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Maxim, Sir Hiram Stevens

MAXIM, SIR HIRAM STEVENS (1840- ), Anglo-American engineer and inventor, was born at Sangerville, Maine, U.S.A., on the sth of February 1840. After serving an apprenticeship with a coachbuilder, he entered the machine works of his uncle, Levi Stevens, at Fitchburg, Massachusetts, in 1864, and four years later he became a draughtsman in the Novelty Iron Works and Shipbuilding Company in New York City. About this period he produced several inventions connected with illumination by gas; and from 1877 he was one of the numerous inventors who were trying to solve the problem of making an efficient and durable incandescent electric lamp, in this connexion introducing the widely-used process of treating the carbon filaments by heating them in an atmosphere of hydrocarbon vapour. In 1880 he came to Europe, and soon began to devote himself to the construction of a machine-gun which should be automatically loaded and fired by the energy of the recoil (see MACHINE-GUN). In order to realize the full usefulness of the weapon, which was first exhibited in an underground range at Hatton Garden, London, in 1884, he felt the necessity of employing a smokeless powder, and accordingly he devised maximite, a mixture of trinitrocellulose, nitroglycerine and castor oil, which was patented in 1889. He also undertook to make a flying machine, and after numerous preliminary experiments constructed an apparatus which was tried at Bexley Heath, Kent, in 1894. (See FLIGHT.) Having been naturalized as a British subject, he was knighted in 1901. His younger brother, Hudson Maxim (b. 1853), took out numerous patents in connexion with explosives.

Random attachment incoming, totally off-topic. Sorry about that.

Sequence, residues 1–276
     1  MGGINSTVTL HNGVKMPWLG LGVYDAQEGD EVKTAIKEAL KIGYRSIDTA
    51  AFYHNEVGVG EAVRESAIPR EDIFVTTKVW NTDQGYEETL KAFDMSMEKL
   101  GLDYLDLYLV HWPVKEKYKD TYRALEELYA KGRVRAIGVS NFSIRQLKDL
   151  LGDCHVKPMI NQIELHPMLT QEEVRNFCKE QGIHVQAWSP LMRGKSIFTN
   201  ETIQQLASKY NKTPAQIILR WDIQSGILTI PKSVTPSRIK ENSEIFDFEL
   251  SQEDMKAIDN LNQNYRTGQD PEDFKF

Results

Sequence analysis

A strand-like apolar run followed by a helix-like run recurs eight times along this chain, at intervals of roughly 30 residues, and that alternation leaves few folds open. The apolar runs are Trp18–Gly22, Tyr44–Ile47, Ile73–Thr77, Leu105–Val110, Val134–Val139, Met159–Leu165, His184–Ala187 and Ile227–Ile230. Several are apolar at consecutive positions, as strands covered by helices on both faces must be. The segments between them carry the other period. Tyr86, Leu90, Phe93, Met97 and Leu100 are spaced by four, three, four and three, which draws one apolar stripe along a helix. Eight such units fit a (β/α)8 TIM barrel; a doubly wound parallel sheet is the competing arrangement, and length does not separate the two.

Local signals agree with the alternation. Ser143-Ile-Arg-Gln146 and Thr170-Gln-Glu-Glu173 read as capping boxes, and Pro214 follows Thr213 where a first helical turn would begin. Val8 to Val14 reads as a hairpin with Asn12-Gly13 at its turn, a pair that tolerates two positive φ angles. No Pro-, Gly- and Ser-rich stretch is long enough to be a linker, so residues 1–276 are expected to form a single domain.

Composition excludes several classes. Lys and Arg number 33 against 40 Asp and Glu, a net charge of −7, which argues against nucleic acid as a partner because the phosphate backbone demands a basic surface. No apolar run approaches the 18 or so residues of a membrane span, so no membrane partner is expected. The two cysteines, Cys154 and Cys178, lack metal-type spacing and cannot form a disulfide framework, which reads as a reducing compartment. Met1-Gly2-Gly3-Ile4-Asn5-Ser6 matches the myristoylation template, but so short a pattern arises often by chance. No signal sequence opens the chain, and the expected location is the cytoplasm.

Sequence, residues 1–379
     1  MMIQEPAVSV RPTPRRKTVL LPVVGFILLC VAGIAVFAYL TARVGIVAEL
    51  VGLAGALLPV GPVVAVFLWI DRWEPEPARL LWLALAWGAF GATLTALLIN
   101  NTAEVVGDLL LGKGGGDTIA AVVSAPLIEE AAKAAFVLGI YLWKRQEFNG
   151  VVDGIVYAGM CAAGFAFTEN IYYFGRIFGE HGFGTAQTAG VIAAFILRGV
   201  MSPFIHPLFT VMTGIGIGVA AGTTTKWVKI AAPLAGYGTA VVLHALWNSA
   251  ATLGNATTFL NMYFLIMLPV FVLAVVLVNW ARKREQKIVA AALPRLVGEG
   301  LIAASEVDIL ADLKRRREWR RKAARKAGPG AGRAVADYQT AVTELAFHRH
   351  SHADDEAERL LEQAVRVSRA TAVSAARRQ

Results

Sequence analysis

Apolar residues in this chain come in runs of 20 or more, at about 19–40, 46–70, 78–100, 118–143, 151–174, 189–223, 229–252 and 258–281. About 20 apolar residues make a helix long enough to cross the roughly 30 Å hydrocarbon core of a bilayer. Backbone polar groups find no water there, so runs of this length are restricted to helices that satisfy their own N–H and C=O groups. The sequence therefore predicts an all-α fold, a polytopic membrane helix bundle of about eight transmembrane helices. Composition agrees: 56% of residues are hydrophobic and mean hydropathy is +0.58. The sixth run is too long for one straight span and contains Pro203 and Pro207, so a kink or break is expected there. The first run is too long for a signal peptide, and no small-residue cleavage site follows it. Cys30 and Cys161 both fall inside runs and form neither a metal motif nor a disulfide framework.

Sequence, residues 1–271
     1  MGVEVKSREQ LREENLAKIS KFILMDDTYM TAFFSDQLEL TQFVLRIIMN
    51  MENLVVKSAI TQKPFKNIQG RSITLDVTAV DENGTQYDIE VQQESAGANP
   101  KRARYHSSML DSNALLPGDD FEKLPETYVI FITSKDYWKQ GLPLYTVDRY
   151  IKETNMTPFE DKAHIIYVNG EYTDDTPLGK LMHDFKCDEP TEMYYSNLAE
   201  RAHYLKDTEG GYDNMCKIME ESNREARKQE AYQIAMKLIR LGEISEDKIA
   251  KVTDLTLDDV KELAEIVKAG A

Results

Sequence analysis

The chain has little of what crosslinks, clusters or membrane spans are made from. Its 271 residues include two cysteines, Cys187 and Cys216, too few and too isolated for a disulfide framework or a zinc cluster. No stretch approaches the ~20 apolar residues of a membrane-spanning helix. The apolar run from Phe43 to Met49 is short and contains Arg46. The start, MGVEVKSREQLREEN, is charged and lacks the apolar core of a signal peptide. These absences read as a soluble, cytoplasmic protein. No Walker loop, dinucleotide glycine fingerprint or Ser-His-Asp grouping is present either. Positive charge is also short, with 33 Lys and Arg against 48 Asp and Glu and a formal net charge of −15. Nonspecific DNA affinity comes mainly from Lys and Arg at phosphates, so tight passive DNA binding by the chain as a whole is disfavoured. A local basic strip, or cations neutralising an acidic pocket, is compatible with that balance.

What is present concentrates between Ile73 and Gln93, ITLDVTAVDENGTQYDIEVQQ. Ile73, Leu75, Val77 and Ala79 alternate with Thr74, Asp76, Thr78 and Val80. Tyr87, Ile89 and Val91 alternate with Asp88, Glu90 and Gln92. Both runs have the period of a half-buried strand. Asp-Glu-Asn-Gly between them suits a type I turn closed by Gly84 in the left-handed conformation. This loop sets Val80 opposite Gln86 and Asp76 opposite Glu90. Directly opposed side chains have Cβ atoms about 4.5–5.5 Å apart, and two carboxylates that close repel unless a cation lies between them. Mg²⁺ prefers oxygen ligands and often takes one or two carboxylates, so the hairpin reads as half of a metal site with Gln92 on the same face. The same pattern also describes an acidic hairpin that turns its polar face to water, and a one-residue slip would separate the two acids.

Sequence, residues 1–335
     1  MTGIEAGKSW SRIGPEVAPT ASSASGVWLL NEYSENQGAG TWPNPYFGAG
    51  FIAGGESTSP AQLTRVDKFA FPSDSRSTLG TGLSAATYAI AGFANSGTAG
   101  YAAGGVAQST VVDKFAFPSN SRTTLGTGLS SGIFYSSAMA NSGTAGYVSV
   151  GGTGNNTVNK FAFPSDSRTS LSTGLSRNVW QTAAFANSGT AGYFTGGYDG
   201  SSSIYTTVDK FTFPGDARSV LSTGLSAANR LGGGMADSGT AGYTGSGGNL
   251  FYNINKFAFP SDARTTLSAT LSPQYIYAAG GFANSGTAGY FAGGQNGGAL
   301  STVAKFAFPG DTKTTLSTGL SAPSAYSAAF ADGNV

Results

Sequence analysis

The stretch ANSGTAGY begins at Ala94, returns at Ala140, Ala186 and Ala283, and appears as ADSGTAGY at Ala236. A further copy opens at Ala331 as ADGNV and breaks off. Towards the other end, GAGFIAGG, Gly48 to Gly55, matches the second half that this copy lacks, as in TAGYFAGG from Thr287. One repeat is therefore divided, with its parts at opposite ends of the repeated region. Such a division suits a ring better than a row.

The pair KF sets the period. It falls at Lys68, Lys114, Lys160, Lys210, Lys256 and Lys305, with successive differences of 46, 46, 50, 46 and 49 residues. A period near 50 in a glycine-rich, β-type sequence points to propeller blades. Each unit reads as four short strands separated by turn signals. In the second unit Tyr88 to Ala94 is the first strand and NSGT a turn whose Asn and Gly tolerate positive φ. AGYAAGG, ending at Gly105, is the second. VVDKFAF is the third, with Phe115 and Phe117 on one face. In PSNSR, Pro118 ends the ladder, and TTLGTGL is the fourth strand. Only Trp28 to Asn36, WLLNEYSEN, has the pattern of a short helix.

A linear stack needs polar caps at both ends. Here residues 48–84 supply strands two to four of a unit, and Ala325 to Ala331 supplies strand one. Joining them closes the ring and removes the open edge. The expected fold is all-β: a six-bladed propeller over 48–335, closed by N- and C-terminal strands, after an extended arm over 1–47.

Note - this article incorporates content from Encyclopaedia Britannica, Eleventh Edition, (1910-1911)

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